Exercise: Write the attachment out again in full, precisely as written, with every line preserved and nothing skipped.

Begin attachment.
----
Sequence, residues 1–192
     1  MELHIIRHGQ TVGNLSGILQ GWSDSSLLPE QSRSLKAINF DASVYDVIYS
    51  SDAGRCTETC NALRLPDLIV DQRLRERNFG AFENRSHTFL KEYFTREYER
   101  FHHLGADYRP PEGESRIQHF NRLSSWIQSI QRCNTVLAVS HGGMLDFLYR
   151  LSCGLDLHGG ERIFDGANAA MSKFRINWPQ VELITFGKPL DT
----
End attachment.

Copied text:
Sequence, residues 1–192
     1  MELHIIRHGQ TVGNLSGILQ GWSDSSLLPE QSRSLKAINF DASVYDVIYS
    51  SDAGRCTETC NALRLPDLIV DQRLRERNFG AFENRSHTFL KEYFTREYER
   101  FHHLGADYRP PEGESRIQHF NRLSSWIQSI QRCNTVLAVS HGGMLDFLYR
   151  LSCGLDLHGG ERIFDGANAA MSKFRINWPQ VELITFGKPL DT